Seven nonprofits team up to cut costs for disabled people.
By: Olivia Winslow | email@example.com
Thursday, March 9, 2023
Newsday | www.newsday.com | LI Business
Seven nonprofit agencies serving intellectually and developmentally disabled people, aiming to rein in administrative costs, have joined forces under a new umbrella agency.
Walter Stockton, president and CEO of Kinexion, stops to chat with Theresa D., of East Moriches, center, and Howard S. of Aquebogue, participants in the day habilitation program at IGHL in Manorville. Credit: Newsday
What began as a slow process of sharing resources more than two decades ago has gained members in recent years, developing into a new nonprofit umbrella agency called Kinexion, which became an official tax-exempt 501(c)(3) entity on New Year’s Day. Kinexion – what is known as a management service organization (MSO) – has $250 million in total revenue and 3,200 staff members in various agencies who provide services to about 5,000 children and adults across Long Island with intellectual and developmental disabilities, according to officials.
Experts say MSOs such as Kinexion, enable social services nonprofits that are often overwhelmed with cash flow issues and administrative red tape to turn over those responsibilities to a larger network with deeper pockets while they focus on their core focus – their programs.
Each agency contributes a portion of their finances to the MSO, so there is “one finance office for all the organizations,” said Walter Stockton, president and chief executive of Kinexion. “All of the billing, all of the payroll go through one finance department.”
That way, “the MSO can concentrate on just those services, while the agency can concentrate on providing program services. It allows for efficiencies we would not have had,” said Lisa Meyer-Fertal, executive director of both East End Disability Associates in Riverhead and Independent Group Home Living (IGHL) in Manorville, two agencies affiliated with Kinexion.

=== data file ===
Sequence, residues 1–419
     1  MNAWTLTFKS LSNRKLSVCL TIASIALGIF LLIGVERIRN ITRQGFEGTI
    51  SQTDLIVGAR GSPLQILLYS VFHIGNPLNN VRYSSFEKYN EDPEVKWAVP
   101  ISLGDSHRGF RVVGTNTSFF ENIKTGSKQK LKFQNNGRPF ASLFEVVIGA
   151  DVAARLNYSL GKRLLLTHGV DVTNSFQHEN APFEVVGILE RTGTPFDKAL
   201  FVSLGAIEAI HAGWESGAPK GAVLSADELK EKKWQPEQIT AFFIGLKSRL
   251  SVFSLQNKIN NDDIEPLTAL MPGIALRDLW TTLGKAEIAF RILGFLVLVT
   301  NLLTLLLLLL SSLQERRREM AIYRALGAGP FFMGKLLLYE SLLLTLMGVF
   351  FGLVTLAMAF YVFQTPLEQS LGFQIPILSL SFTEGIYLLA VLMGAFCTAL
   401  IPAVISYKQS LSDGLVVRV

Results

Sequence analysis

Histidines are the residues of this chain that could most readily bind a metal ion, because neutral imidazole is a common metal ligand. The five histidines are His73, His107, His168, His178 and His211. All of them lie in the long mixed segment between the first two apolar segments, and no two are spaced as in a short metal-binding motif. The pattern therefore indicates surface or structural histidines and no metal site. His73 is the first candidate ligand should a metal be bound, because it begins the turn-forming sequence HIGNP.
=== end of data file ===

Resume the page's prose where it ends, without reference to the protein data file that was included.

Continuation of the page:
She took over the leadership of IGHL from Stockton last year when he moved to Kinexion.
The other agencies that joined the network include the Center for Developmental Disabilities in Woodbury; Maryhaven in Port Jefferson Station; the Association for Technology Dependent Children based in Hauppauge, better known as Angela’s House; the Head Injury Association in Hauppauge; and the New Interdisciplinary School in Yaphank.
These nonprofits came to Kinexion one by one over the years in an effort to save money and gain the expertise of a larger network that would consolidate their financial departments while letting them retain their individual identities as service providers.
The origin of Kinexion dates to 1999 when other struggling agencies having financial problems sought to share operations with IGHL, said Stockton, who was then executive director of IGHL.
Bob Policastro, founder and executive director of Angela’s House, said being affiliated with IGHL in 2002 “allowed us to economically survive because we could share administrative costs and be able to share human resources, the accounting department, the purchasing department.”
Stockton said that no jobs in the agencies were cut. Some employees decided to leave, but everyone was offered other positions in existent vacancies.
Stockton said joint purchasing saves money and in the area of health insurance, for example: “The buying power you have with 4,000 employees instead of 600 employees, you can get better benefits at far less cost.” Health care cost savings for the agencies were about 10%, or a total of $2.7 million, Stockton added.
Management service organizations, said Ken Cerini, managing partner of Cerini & Associates, a Bohemia-based accounting firm, are common in the health care industry.
For networks like Kinexion, Cerini said, “It is innovative, creative to take a page from a bigger model and integrate it into a small nonprofit? Yeah. I think that’s the direction we’re going to see more of.”
Jay Silverstein, executive director of the Center and the New Interdisciplinary School, said, besides the cost savings, an MSO provides access to the knowledge needed to cope with governmental funding rules. “All systems of operation require a high level of expertise when you’re dealing with state funds and regulations…I don’t have a CFO, but there’s a CFO at the central office. I have a school here and adult residents, and they’re all regulated and funded differently.”
Now, being with Kinexion, his agencies can concentrate on developing programs. “We had our own culture, our own way of doing things wasn’t superseded.”